AJ DeLaGarza vs. Monterrey
USA Today Sports

AJ DeLaGarza's switch to right back has him finding his true calling with LA Galaxy

CARSON, Calif. – A.J. DeLaGarza finally is where he's supposed to be, at least in the LA Galaxy staff's minds.

The veteran defender, who has been stationed next to his old college roommate Omar Gonzalez most of his four-plus seasons in MLS, moved to right back during LA's International Champions Cup friendlies a month ago and has been stationed there since.

It doesn't appear that's going to change.

“We always felt that that was probably his best position at this level,” associate head coach Dave Sarachan said after Tuesday's training session at the StubHub Center. “I think he's getting more comfortable going forward, which is a big part of it.

"The defensive part of it usually is not ever an issue with A.J. He sniffs things out. He was born to defend. I think it's his ability now to recognize space and getting forward and being dangerous, and I think as he develops into that position, that becomes more confidence for him as well.”

DeLaGarza has been on right occasionally in his Galaxy career – he started the first nine games this year on the right, including three of the four early CONCACAF Champions League matches – but his chemistry with Gonzalez, whom he partnered in the middle for three seasons at the University of Maryland before both came to LA, has been so valuable to the club's defensive success.

As Leonardo, who stands 6-foot-2, has progressed after a few injury-riddled years, the Galaxy have preferred to pair him with the 6-5 Gonzalez, and the 5-9 DeLaGarza's move to the right has enabled Sean Franklin to give the Galaxy another option at right midfield.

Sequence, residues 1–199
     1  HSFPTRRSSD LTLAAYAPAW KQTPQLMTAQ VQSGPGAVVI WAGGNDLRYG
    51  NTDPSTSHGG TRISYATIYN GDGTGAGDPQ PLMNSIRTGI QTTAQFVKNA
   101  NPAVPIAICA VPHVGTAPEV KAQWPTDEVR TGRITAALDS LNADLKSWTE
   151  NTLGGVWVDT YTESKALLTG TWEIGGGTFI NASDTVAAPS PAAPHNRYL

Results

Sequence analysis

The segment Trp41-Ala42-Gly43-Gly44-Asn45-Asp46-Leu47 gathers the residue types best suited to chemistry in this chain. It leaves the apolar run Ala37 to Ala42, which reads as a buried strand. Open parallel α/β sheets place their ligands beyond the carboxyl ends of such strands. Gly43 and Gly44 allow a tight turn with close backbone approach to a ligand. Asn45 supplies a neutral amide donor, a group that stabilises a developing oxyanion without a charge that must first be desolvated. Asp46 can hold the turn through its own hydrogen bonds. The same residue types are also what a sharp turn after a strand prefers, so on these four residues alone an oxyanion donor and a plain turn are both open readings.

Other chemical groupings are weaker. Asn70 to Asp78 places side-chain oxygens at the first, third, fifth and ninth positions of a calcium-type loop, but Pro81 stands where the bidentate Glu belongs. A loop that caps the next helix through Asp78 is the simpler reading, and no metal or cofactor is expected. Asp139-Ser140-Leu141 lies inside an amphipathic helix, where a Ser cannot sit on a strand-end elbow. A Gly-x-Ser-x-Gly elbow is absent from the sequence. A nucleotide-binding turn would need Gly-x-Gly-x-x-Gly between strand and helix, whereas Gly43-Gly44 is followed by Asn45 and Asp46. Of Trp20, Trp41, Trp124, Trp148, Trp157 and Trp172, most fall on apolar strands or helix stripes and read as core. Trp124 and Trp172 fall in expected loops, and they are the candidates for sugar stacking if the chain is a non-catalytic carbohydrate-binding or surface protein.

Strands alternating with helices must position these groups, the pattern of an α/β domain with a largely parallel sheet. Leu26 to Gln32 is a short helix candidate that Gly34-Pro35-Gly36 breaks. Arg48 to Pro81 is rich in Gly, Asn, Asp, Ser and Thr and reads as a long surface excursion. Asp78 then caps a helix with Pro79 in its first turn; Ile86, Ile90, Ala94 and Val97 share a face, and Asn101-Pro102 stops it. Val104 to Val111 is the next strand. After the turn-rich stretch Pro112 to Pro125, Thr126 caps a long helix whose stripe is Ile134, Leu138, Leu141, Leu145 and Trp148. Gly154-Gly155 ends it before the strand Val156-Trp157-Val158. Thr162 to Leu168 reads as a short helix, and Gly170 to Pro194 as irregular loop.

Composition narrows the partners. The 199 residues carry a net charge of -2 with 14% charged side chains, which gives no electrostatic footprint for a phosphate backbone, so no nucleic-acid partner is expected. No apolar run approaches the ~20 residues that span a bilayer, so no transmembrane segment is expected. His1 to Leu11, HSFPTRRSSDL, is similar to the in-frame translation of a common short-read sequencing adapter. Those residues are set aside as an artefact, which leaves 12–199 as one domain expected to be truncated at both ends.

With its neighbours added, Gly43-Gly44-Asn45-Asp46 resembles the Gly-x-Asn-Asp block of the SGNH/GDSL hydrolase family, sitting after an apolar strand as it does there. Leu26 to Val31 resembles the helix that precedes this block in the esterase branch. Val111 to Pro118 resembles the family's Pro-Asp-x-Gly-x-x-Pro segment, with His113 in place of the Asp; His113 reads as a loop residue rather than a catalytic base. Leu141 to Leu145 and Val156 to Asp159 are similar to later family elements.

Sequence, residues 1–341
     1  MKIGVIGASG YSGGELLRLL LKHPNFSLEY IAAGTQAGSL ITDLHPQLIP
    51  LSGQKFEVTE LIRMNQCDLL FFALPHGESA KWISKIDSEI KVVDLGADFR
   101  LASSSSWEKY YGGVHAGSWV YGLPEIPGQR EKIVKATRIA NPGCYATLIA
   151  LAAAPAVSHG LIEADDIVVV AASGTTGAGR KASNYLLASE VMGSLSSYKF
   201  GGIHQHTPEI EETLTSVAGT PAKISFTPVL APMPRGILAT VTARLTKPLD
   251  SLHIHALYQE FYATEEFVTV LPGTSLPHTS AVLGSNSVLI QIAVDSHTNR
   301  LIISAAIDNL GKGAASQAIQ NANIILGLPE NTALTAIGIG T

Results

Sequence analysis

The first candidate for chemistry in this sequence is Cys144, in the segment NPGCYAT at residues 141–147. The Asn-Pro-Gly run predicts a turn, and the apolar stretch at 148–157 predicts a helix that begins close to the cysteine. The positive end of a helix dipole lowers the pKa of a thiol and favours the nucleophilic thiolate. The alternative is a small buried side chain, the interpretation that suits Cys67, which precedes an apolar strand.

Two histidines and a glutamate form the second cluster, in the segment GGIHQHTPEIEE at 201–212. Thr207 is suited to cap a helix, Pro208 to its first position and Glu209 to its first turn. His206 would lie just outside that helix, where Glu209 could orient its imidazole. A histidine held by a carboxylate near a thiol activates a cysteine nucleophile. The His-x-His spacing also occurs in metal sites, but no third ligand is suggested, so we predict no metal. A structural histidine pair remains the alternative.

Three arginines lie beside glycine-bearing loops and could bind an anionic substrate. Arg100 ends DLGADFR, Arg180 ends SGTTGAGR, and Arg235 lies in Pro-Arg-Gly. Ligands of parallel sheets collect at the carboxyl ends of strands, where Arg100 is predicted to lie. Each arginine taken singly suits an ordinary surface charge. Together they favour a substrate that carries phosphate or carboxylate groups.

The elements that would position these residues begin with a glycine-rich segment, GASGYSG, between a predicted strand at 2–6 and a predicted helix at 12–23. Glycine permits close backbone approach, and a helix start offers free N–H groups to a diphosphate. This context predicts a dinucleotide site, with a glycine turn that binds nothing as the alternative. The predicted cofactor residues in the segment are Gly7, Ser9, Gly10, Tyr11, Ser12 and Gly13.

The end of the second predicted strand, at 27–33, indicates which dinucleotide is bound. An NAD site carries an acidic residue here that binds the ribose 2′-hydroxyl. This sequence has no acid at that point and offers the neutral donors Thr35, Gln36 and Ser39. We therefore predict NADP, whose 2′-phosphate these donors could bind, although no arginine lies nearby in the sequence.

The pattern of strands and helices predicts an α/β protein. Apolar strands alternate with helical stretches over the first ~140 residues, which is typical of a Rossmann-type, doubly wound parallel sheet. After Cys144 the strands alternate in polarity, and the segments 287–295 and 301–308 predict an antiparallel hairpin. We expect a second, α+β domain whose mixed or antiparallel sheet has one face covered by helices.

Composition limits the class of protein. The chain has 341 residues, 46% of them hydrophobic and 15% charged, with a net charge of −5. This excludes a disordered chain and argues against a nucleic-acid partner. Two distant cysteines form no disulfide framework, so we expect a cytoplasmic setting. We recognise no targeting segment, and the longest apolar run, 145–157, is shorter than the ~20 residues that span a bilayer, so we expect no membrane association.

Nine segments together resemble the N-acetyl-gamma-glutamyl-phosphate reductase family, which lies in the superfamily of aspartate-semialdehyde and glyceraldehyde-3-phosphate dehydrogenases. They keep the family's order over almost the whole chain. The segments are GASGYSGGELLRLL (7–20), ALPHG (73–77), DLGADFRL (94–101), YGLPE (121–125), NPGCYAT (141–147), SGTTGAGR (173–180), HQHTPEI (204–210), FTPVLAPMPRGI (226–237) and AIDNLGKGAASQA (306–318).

“I think it's import to have center backs with the profile of center backs,” head coach Bruce Arena said after the Galaxy's win over Vancouver 10 days ago. “Leonardo gives us that.”

DeLaGarza is still learning the finer points of being right back, a position he'd not played before coming to LA.

“I still have some tendencies of being a central defender,” he told MLSsoccer.com. “Where if the ball's in the box for us and it pops out, I'm usually caught in the back, just watching, because as a center back you don't follow up those plays, but as a right back, you have to get up there and get any loose balls, and I've noticed [I do] that. It's just those little tendencies it takes time to get.”

Sarachan said DeLaGarza “plays it conservative,” but the Galaxy coaches are prodding him to be more effective attacking up the flank.

“We've given him the green light, so now he's got to,” Sarachan said. “It's like driving a faster car than he's used to. He's got to give it some gas and go and not be afraid of it.”

DeLaGarza always enjoyed playing in the middle – he's a thinker on the field, reads the game exceedingly well – and he could get another game there this weekend against Colorado, with Gonzalez away on World Cup qualifying duty – but he understands Arena's preference for size at the position.

“Just look at [Saturday's win over San Jose]: You have [Alan] Gordon and [Steven] Lenhart up front, and it's a tough matchup physically for me, I think. Mentally, I feel I can compete with those guys, but it's what [Arena's] most comfortable with, and that's having bigger guys go up against their bigger guys.

“It could go both ways. We all bring different qualities to our positions. Wherever I'm needed, I'm going to be there.”

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